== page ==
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Nasal carriage of Staphylococcus aureus in healthy humans with different levels of contact with animals in Tunisia: genetic lineages, methicillin resistance, and virulence factors

  • K. Ben Slama
  • H. Gharsa
  • N. Klibi
  • A. Jouini
  • C. Lozano
  • E. Gómez-Sanz
  • M. Zarazaga
  • A. Boudabous
  • C. Torres
Article

Abstract

Nasal swabs of 423 healthy humans who showed different levels of contact with animals (frequent, 168; sporadic, 94; no contact, 161) were obtained in Tunisia (2008–2009), and 99 of them presented other associated risk factors. Methicillin-resistant Staphylococcus aureus (MRSA) was detected in one of these 423 samples (0.24%), retrieved from a veterinarian. The MRSA isolate was mecA-positive, typed as ST80-t203-SCCmecIVc-agrIII, and contained tet(K), ant(6)-Ia, and aph(3′)-IIIa genes encoding tetracycline, streptomycin, and kanamycin resistance, respectively. This MRSA isolate also contained the lukF/lukS virulence gene encoding Panton–Valentine leukocidin. Fifty-four (12.8%) additional nasal samples contained methicillin-susceptible S. aureus (MSSA) and one isolate/sample was characterized. A high diversity of spa types (n = 43; 4 new) and pulsed-field gel electrophoresis (PFGE) types (n = 37) was detected among the 55 recovered S. aureus strains. The percentages of antimicrobial resistance/detected resistance genes were as follows: tetracycline [22%/tet(K)-tet(L)-tet(M)], erythromycin [5%/msrA], ciprofloxacin [14.5%], trimethoprim–sulfamethoxazole [2%/dfrA], streptomycin [11%/ant(6)-Ia], kanamycin [7%/aph(3′)-IIIa], amikacin [5%], and chloramphenicol [2%]. Four and two isolates carried the lukF/lukS and eta and/or etb genes, respectively, and always in individuals with contact with animals. Eleven isolates carried the tst gene and were recovered from individuals with different levels of contact with animals.

Keywords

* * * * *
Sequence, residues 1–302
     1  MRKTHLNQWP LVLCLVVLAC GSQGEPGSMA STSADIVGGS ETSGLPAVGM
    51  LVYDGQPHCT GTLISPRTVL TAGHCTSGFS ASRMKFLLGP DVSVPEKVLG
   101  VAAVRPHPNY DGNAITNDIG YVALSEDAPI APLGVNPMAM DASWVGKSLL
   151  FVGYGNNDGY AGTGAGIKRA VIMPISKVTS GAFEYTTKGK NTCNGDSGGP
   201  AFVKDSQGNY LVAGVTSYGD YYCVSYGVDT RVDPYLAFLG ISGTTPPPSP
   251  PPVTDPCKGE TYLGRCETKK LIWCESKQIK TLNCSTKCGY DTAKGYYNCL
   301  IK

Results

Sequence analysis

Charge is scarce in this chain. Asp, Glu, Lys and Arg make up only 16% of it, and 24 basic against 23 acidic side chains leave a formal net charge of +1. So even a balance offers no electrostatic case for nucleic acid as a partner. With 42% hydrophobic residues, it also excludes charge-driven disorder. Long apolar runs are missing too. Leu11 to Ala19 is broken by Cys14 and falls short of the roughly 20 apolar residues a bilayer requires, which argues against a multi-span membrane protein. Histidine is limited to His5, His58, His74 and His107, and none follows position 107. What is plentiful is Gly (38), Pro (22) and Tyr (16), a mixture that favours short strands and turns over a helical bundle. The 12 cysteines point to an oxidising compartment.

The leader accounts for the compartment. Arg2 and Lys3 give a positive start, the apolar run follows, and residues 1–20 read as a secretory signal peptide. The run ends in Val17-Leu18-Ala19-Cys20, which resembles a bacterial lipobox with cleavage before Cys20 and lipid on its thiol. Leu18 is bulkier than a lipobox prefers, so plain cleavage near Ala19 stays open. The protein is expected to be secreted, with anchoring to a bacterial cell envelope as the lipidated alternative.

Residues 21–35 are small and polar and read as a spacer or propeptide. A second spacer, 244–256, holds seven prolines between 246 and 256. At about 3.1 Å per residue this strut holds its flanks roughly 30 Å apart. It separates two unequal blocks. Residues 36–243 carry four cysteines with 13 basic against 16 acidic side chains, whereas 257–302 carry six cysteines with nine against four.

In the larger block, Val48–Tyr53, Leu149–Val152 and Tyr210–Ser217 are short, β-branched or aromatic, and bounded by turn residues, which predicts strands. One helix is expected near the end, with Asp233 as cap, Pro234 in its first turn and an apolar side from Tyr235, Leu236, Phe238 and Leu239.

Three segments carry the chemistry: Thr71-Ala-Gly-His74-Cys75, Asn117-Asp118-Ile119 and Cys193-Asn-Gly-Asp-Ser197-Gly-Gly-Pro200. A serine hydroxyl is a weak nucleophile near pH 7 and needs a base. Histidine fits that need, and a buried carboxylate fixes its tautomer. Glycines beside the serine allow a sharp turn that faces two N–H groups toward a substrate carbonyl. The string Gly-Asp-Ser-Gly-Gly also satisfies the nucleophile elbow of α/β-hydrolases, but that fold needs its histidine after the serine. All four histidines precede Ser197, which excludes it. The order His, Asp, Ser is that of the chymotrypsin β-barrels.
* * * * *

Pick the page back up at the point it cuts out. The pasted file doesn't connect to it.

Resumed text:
mecA Gene Aureus Isolate Toxic Shock Syndrome Toxin Inducible Clindamycin Resistance Oxacillin Resistance Screen Agar Base 
These keywords were added by machine and not by the authors. This process is experimental and the keywords may be updated as the learning algorithm improves.

Notes

Acknowledgment

This study has been possible thanks to an Integrated Action and a Project financed by the Spanish Agency of International Development Cooperation (AECID) from the Ministerio de Asuntos Exteriores of Spain and from the Tunisian Ministry of Higher Education and Scientific Research. C. Lozano has a predoctoral fellowship from the Ministry of Science and Innovation and E. Gómez-Sanz has a predoctoral fellowship from Gobierno de La Rioja, Spain.

Part of the results of this manuscript has been presented at the 50th Interscience Conference on Antimicrobial Agents and Chemotherapy (ICAAC 2010), Boston, Massachusetts, USA, 12–15 September 2010.

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Copyright information

© Springer-Verlag 2010

Authors and Affiliations

  • K. Ben Slama
    • 1
  • H. Gharsa
    • 1
  • N. Klibi
    • 1
  • A. Jouini
    • 1
  • C. Lozano
    • 2
  • E. Gómez-Sanz
    • 2
  • M. Zarazaga
    • 2
  • A. Boudabous
    • 1
  • C. Torres
    • 2
  1. 1.Laboratoire Microorganismes et Biomolécules Actives, Faculté des Sciences de TunisUniversité Tunis El ManarTunisTunisia
  2. 2.Área de Bioquímica y Biología MolecularUniversidad de La RiojaLogroñoSpain

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